Dar and Chuck Doerr, the vendor’s president and COO, are alumni of derivatives broker Creditex Group, and moved over to the Intercontinental Exchange Group (ICE) after it bought Creditex in 2008. Starting at the turn of the century, Creditex developed a desktop app as a trading application for credit default swaps (CDS) that could be installed on desktops at all the major dealers. It started to hit a pain point, though—“It’s just a very onerous task to install an app on a desktop that’s locked down and managed by IT security,” Dar says. Before the desktop app, the platform ran in a web browser—go to creditex.com and you were basically good to go. But the problem there was that traders didn’t like to work in a web browser—latency and security concerns were the main reasons.
It was a catch-22: Creditex needed that multi-window, interactive experience of an app; but an app wasn’t agile enough to deliver new features and functionality the way a web browser could. As the firm added more and more additional applications, it slowed the process even further. And this was not a problem unique to CDS—every asset class was experiencing the same roadblocks. “Everybody had this problem; that’s what led us to start OpenFin,” Dar recalls.
Dar and Doerr started thinking about this problem in earnest in about 2007, and OpenFin was launched in 2010. They were originally going to build their product using .NET or Java, but as 2011 rolled around they started to realize that HTML5—the newest open software solution stack that was first released to the public in 2009—was the way forward, though it took the capital markets a few years to come to the same conclusion.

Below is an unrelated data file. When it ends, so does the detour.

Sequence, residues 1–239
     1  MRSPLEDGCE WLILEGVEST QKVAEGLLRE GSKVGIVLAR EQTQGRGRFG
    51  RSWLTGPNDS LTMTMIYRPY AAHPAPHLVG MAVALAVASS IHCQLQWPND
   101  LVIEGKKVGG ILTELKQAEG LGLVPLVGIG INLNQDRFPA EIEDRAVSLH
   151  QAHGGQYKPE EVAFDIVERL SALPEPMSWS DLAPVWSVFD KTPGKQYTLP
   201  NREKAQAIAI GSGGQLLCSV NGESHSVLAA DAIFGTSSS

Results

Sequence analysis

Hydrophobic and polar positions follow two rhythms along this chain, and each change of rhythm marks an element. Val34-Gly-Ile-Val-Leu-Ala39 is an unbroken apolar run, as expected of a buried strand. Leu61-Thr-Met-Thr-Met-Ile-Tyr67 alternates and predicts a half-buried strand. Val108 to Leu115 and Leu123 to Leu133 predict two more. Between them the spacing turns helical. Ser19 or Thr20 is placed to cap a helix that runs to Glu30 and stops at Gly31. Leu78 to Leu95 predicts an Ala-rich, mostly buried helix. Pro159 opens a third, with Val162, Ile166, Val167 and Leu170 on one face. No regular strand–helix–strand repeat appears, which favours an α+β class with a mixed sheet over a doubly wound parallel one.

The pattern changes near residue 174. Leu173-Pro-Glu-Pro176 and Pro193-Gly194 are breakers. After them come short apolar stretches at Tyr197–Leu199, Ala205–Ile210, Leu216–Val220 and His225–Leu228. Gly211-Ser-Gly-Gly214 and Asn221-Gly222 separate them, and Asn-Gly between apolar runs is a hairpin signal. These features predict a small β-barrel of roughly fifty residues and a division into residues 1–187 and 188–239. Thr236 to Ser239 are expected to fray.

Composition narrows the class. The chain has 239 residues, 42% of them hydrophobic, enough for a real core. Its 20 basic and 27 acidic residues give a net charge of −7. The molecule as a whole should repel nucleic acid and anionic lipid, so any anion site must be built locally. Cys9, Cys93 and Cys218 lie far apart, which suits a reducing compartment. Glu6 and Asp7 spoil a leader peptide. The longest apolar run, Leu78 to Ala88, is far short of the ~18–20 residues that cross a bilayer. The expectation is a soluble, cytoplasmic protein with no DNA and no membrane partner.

So, OpenFin was able to develop point solutions that tackled security concerns using a desktop container that would connect applications, while still providing a browser experience for rapid updates. Something else was needed, Dar says. It was around 2017 that the vendor really started to realize that what it was building was the basic communication mechanism to enable desktop interoperability. But it was only halfway there.
“When you think broadly about the ecosystem and how you get an entire ecosystem of apps to be able to talk to one another, you need more than just the communication mechanism, right? You need the standardization.”
That led to the Financial Desktop Connectivity and Collaboration Consortium (FDC3), an initiative created in 2018, led by OpenFin and formed by some of the largest banks, asset managers and vendors in the capital markets, including RBC. Its objective is to create a consistent developer experience using standardized verbs to instruct other apps to take an action.